This week is part two of a series about buying a barrel horse. Topics include how to search for a new horse, trying out prospective horses, getting a vet check done, things you should NOT do when buying a barrel horse and bringing your new horse home. You won’t want to miss this episode if you are in the market for a horse or will be in the future.
If you are wondering if you should be getting a companion horse, then consider this. Horses, by nature, are herd animals. They feel safer with other horses. It is just part of their natural instincts. They are meant to be in a herd, complete with leaders and followers. They know that this is the best way to ensure their survival, protecting themselves from predators. If we force them to live in solitude, do not be surprised to run into various issues.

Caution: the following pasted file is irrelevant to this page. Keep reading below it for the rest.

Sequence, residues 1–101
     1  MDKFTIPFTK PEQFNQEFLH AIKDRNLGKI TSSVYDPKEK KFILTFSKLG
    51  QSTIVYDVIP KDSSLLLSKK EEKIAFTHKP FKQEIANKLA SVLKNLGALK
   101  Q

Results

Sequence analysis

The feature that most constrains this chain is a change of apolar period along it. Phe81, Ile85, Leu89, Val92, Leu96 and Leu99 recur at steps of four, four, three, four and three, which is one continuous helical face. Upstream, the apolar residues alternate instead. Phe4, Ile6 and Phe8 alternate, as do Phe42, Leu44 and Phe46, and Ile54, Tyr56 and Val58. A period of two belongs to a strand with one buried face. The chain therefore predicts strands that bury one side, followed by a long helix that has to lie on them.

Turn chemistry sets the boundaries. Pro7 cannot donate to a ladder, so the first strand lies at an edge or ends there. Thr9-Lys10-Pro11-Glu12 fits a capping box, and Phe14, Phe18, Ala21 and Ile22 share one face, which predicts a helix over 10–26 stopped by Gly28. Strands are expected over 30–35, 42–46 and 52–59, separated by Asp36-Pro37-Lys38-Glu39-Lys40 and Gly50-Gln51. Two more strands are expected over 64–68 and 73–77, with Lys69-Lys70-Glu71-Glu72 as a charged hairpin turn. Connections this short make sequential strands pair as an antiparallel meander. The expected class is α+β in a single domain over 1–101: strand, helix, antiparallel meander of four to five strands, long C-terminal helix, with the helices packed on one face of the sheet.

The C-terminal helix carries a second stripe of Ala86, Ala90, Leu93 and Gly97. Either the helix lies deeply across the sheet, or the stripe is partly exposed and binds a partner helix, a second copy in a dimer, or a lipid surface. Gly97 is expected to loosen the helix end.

There is a lot involved in buying a barrel horse. You do not only want to consider conformation and breeding. Training history and disposition, along with a host of other factors, need to be taken into consideration. You want to make your selection carefully when buying a barrel horse, taking your time to make sure that you make the best decision possible. If you are in this situation, read on to ensure that you avoid making the most common mistakes people make when buying a barrel horse.